Fire, Media, and Politics

closePlease note: This post was published over a year ago, so please be aware that its content may not be quite so accurate anymore. Also, the format of the site has changed since it was published, so please excuse any formatting issues.

There were two fires in Spokane this morning. They both broke out while most people were still asleep. One of the fires left three families homeless, while the other burned in an unoccupied, unfinished building. If you were the news director, which story would you give greater coverage? The local news decided that covering the empty building fire was more important than the three-family fire.

To their credit, there were several explosions in the vacant five-story building, which was still under construction. The explosions were caused by propane-powered heaters that the construction crew had left on overnight to dry out some drywall, although it’s unclear if the heaters were the cause of the fire. Despite this, no one was in the building at the time, so there were no injuries. The building was fully insured, so the property owners will be able to rebuild (they have already stated that they plan to do so). In fact, really the only people harmed in this are the property owners (who, as I said, have insurance) and the constructions workers who are temporarily out of work (though I’m sure they’ll be hard at work again when the building is rebuilt).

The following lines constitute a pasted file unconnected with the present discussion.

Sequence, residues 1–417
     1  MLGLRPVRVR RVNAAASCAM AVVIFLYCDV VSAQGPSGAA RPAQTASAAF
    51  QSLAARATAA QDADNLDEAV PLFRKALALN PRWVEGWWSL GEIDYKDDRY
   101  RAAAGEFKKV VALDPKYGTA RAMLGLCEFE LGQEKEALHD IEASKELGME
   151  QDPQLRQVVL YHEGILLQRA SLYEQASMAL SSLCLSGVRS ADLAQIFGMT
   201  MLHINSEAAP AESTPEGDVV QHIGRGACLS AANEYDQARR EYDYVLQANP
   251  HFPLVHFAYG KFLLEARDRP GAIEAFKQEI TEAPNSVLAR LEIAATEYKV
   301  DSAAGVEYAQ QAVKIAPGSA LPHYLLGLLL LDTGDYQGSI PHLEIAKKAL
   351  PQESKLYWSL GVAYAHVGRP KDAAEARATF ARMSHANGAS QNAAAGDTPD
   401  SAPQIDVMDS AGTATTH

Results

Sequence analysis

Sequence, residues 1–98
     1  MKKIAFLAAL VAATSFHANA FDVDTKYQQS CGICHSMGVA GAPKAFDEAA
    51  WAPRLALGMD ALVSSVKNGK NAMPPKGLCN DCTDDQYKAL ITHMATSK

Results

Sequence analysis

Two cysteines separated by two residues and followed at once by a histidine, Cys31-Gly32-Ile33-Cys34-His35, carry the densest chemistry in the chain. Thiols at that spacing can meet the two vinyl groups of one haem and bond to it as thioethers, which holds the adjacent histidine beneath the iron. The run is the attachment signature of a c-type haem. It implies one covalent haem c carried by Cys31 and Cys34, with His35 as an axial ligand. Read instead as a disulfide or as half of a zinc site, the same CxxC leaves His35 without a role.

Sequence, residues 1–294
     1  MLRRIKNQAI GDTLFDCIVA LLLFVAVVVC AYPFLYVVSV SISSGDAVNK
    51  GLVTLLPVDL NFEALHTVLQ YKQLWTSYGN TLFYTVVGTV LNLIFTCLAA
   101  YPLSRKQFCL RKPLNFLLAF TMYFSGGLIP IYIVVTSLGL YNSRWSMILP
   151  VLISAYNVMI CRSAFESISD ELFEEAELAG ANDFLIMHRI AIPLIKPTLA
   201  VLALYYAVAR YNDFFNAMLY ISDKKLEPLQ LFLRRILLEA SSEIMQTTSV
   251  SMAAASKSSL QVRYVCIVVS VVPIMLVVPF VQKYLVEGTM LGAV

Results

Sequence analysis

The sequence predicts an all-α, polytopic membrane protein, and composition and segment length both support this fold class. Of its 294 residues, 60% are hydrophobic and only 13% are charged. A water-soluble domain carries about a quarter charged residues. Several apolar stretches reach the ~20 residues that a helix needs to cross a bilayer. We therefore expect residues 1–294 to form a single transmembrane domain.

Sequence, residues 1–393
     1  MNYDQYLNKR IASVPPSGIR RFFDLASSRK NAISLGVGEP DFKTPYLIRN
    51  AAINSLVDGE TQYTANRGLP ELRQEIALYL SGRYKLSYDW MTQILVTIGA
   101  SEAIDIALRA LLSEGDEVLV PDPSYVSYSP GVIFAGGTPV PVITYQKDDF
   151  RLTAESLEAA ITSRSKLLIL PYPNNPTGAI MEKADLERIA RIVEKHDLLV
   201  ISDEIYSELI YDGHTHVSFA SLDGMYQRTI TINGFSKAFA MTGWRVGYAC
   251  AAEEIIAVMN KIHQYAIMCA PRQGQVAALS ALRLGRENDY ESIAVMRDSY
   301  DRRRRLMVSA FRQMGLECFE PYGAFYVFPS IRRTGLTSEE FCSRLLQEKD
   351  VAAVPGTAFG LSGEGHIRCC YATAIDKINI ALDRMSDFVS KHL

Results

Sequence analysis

On the other hand, there are three families who are now without homes because their houses burned down. I’d tell you more details about their fire, but the news almost completely ignored it, except to say that it was taking resources away from the empty building fire.

Why all the coverage for a vacant, unfinished building? Because it was owned by Gonzaga University.

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  1. Lindy

    You will be happy to know that the Gonzaga fire even made it on Seattle’s morning news. I don’t know if we are having a slow news day or what – but it was there. Our broadcast, however, included the fact that since the building was scheduled to open in June there are now hundreds of college students that have to look for new homes. The focus was on inconvenienced contractors rather than hundreds of students now having to flood the already flooded apartment market in downtown.

    It’s sad that everyday tragedies of real people are overshadowed by corporate ones.

  2. On the news I was watching (which happens to be the #1 news team in town), they only sort of mentioned that it was supposed to open soon. They didn’t say anything about students being displaced, however. They did keep saying that it had 225 rooms, though.

    In a meeting this morning, I heard that hundreds of new flats and condos are being built downtown (not as a result of this fire; they were already being built). While that doesn’t solve the problem, at least the students won’t be totally shafted.

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